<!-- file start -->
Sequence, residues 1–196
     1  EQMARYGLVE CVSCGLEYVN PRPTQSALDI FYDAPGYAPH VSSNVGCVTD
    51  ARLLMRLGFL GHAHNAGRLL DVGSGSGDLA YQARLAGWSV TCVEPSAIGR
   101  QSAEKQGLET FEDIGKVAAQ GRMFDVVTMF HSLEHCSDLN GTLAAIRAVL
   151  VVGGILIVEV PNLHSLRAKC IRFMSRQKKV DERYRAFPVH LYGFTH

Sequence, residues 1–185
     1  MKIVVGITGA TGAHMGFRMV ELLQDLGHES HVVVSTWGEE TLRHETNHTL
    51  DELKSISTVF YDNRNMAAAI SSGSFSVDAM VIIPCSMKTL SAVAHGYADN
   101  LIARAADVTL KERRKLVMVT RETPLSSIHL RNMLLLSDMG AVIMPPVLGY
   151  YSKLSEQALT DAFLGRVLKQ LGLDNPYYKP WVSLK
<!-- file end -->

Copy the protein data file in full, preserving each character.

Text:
Sequence, residues 1–196
     1  EQMARYGLVE CVSCGLEYVN PRPTQSALDI FYDAPGYAPH VSSNVGCVTD
    51  ARLLMRLGFL GHAHNAGRLL DVGSGSGDLA YQARLAGWSV TCVEPSAIGR
   101  QSAEKQGLET FEDIGKVAAQ GRMFDVVTMF HSLEHCSDLN GTLAAIRAVL
   151  VVGGILIVEV PNLHSLRAKC IRFMSRQKKV DERYRAFPVH LYGFTH

Sequence, residues 1–185
     1  MKIVVGITGA TGAHMGFRMV ELLQDLGHES HVVVSTWGEE TLRHETNHTL
    51  DELKSISTVF YDNRNMAAAI SSGSFSVDAM VIIPCSMKTL SAVAHGYADN
   101  LIARAADVTL KERRKLVMVT RETPLSSIHL RNMLLLSDMG AVIMPPVLGY
   151  YSKLSEQALT DAFLGRVLKQ LGLDNPYYKP WVSLK